NEW YORK (Reuters) - New York City Mayor Michael Bloomberg said on Friday that fingerprint technology should be used to admit residents to city-run housing projects as a way of increasing security.
“What we really should have is fingerprinting to get in,” Bloomberg said while speaking on WOR-AM radio about ways to improve safety in public housing. “We’ve just gotta find some ways to keep bringing crime down there.”
Bloomberg, whose third term in office expires at the end of this year, pointed out that locks on buildings were often broken.
The mayor said the projects, run by the largest public housing authority in North America, account for 20 percent of New York City’s crime even though they house about 5 percent of its residents. Some 620,000 low- and moderate-income tenants live in the city’s public housing.
Marc LaVorgna, a spokesman for the mayor’s office, said Bloomberg was talking about using fingerprint technology to replace traditional locks.
Bill Thompson, the former city comptroller and sole African American candidate in the mayor race, called Bloomberg’s fingerprint remarks “disrespectful” and “disgraceful.”
“Just like stop-and-frisk, this is another direct act of treating minorities like criminals,” Thompson said.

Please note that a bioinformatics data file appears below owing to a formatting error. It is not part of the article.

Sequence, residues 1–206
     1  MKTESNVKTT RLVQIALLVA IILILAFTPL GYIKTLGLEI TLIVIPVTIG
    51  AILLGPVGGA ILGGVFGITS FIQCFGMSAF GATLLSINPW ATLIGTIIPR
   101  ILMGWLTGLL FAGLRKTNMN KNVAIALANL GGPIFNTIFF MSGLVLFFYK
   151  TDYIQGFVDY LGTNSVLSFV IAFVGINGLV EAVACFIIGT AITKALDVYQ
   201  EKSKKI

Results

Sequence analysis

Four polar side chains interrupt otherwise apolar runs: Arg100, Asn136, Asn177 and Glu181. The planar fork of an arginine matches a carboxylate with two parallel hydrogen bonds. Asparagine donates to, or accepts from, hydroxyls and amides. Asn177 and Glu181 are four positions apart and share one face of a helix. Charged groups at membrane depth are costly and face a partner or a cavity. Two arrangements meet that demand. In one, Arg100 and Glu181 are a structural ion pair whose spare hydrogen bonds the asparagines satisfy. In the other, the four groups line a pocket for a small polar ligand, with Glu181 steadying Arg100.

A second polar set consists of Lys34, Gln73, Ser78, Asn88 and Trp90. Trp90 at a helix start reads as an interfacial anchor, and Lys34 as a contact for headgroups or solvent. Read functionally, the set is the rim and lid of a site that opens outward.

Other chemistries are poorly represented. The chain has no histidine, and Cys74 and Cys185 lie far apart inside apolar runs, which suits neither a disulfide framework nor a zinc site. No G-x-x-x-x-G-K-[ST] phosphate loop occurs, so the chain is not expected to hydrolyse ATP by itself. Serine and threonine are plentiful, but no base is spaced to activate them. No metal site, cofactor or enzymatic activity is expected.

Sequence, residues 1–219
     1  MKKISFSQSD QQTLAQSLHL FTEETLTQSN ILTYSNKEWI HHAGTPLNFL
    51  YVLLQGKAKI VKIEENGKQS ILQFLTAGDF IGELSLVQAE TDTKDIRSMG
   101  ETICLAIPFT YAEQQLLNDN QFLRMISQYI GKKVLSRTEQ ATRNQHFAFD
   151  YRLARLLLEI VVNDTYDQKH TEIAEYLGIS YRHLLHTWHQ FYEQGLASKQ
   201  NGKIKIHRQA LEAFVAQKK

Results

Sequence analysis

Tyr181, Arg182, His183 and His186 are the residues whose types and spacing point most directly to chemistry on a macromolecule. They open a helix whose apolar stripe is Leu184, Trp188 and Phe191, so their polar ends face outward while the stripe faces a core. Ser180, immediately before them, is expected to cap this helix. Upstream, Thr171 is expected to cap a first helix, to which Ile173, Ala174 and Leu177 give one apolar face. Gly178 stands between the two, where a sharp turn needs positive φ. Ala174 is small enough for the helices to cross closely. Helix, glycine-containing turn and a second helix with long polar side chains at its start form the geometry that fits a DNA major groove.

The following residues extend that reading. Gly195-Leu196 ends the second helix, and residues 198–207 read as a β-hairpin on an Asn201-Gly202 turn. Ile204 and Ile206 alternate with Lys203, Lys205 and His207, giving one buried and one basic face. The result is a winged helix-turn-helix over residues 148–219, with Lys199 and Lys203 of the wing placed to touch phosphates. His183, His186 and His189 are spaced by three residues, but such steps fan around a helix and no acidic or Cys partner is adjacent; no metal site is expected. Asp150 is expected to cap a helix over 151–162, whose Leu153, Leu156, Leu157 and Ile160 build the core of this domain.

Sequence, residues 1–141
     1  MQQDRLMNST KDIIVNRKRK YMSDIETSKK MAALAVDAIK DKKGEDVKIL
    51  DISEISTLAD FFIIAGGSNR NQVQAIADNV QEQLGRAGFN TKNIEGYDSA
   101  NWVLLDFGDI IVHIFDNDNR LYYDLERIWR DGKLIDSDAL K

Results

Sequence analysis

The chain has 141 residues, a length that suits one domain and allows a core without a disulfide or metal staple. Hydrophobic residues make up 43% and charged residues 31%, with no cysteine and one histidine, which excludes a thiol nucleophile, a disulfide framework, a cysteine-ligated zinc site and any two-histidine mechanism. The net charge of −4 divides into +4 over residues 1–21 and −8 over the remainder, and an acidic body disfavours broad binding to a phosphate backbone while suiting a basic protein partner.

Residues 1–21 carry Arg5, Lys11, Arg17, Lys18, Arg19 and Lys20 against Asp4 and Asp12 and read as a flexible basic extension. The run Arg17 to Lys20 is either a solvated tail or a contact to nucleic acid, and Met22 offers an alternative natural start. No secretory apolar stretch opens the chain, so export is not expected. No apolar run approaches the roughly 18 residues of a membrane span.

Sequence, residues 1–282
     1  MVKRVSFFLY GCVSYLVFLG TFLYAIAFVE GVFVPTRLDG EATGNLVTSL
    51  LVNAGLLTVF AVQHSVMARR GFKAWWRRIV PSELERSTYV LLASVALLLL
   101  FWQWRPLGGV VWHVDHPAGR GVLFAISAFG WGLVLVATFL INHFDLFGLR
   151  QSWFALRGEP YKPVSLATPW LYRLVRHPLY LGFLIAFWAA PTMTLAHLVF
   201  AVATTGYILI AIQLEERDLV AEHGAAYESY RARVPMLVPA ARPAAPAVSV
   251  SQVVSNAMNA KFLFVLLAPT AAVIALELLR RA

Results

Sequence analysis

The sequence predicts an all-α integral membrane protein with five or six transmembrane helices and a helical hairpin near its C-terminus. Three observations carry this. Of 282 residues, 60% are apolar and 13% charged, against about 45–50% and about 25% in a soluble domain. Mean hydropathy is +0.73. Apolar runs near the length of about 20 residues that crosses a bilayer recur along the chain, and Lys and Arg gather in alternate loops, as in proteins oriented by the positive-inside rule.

Public advocate Bill de Blasio, the current Democratic front runner whose wife is African American, said the mayor should apologize for his remarks.
“Once again, Mayor Bloomberg has resorted to presuming innocent people are guilty simply because they happen to live in certain areas, and in doing so he is stigmatizing entire communities,” he said.
The mayor made his comments on the same day the city appealed a federal judge’s ruling that the New York City Police Department’s stop-and-frisk crime fighting policy was unconstitutional and disproportionately targeted racial minorities.
During his radio interview, Bloomberg said he was concerned the court ruling might make it more difficult for police to patrol public housing units.
Sherrilyn Ifill, president of the Legal Defense and Educational Fund of the National Association for the Advancement of Colored People (NAACP) called the mayor’s comments an outrage.
“Families live in public housing apartments, not criminals,” she said in a statement.
“Public housing residents, as well as their friends and family members visiting them, deserve the same level of respect from our mayor as any other New York City resident,” she said.
Editing by Barbara Goldberg,; Toni Reinhold